The journey of Magyarosaurus dacus across Europe

©Brian Cooley

All the paleontological treasures found since the beginning of the 20th century proved the former Hateg Island in the Tethys Sea was a unique area roamed by dwarf dinosaurs 70 million years ago. Hatzeg Geopark is working towards a museum dedicated to the Dinosaurs of Transylvania, as a unique opportunity to draw the attention of the public to the importance of scientific research, art and the role Geoparks can play in sustaining both.

A national partnership led by dr Antoneta Seghedi, the great enthusiasm and fine art of two Canadian paleoartists, Brian Cooley and Marry Ann Wilson, and the financial support of 127 backers were the first steps for a big transcontinental adventure. A full-size scientific accurate replica of Magyarosaurus dacus travelled in June and July 2014 from Canada across Europe and Romania to reach its "home" in Haţeg Country Dinosaurs Geopark.

The seven meter long sauropod started its cross-continental excursion in Antwerp then received an enthusiastic response from Parisians and a strong support from Patrick J Mc Keever, Chief of Earth Sciences and Geohazard Risk Reduction Section at the UNESCO, to visit other two of the 59 Global Geoparks in Europe. Arriving from France the dinosaur made a short stop at the World Heritage Site Messel Pit in the German Bergstrasse-Odenwald Geopark. A few days later it entered the Hungarian Bakony–Balaton Geopark where it was introduced to the public in Balatonfüred, a beautiful spa at Lake Balaton. The replica also stayed for one day at the Eastern Gate of the Geopark, the Lavender House Visitor Centre in Tihany where visitors could participate in a dino-workshop and a presentation on the dinosaur fossils of the Carpathian Basin by Dr. Attila Ősi, an internationally renowned palaeontologist and discoverer of the Hungarian dinosaur findings. The Lavender House interprets the exceptionally rich natural heritage of Tihany Peninsula and it is one of the several geotourism possibilities of the Geopark and of Balaton Uplands National Park. The dinosaur continued its journey via Budapest where it was photographed in front of the beautiful Art Nouveau-style building of the Hungarian Geological and Geophysical Institution.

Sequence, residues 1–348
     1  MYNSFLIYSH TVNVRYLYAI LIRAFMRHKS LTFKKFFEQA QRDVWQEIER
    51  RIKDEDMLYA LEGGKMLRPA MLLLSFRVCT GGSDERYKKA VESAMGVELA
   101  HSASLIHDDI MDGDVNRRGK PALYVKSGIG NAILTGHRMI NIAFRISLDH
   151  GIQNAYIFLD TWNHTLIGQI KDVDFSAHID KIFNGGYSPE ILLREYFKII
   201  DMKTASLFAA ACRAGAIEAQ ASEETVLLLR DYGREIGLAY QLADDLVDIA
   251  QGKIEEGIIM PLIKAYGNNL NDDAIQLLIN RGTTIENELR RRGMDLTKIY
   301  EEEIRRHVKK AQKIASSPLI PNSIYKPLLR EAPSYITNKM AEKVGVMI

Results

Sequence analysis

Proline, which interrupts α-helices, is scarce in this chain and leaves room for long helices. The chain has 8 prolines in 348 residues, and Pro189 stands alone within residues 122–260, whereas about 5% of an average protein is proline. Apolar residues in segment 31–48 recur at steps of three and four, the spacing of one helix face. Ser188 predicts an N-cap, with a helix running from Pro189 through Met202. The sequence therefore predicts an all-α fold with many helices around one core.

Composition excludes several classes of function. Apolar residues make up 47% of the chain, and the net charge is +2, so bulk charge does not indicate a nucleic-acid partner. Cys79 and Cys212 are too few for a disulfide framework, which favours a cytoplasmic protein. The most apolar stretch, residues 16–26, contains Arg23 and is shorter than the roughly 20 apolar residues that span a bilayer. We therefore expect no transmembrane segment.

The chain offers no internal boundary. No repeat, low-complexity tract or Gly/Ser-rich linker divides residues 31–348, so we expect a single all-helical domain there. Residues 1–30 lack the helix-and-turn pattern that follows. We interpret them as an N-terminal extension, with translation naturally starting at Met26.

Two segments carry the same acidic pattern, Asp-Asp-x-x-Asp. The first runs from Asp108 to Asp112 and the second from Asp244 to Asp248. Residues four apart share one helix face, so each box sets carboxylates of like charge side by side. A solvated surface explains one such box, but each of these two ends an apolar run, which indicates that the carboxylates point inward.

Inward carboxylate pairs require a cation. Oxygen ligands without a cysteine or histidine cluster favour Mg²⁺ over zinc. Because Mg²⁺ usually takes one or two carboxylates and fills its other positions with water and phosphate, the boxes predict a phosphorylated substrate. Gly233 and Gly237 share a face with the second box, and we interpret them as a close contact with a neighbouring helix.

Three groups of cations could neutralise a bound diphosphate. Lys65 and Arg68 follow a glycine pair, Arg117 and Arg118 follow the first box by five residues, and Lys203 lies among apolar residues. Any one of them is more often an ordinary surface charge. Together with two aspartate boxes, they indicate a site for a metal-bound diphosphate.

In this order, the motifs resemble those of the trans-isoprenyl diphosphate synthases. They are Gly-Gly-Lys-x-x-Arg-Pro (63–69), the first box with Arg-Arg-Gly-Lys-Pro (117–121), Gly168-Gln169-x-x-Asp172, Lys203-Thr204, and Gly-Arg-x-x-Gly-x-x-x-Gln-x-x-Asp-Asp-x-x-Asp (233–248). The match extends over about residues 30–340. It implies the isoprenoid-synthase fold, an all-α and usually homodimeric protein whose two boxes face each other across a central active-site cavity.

Entering Romania Magyarosaurus has a warm welcome by media and fans and was invited by Asociatia OviduRo to visit a childhood education centre in Budila. Children than never been to a museum and many of them didn’t even know what a dinosaur was started to touch the dinosaur in seeming disbelief, some hugged the legs then jumped up and down in happiness, rocking Magyarosaurus. The trip continued to an aspiring geopark area, Buzau Land Geopark then reached Danube Delta and Black Sea coast to take a refreshing dip and visit research facilities of GeoEcoMar, one of the main sponsor and project partner. Short stops in Bucharest in front of the National Geology Museum and University of Bucharest allowed press and people to find out more about the trip, Hateg dinosaurus and geopark projects.

On July 23rd hundreds of children, tourists and media offered a very warm welcome to Magyarosaurus dacus in Haţeg Geopark and instantly accepted it as symbol of the future Transylvanian Dinosaur Museum.

The journey of the Magyarosaurus dacus will be the subject of a documentary film made by a Canadian tv crew. Apart of its scientific, cultural and educational impact the project was an excellent example of the power of European Geoparks Network and was a great opportunity to draw the attention of the public to the world of Geoparks.

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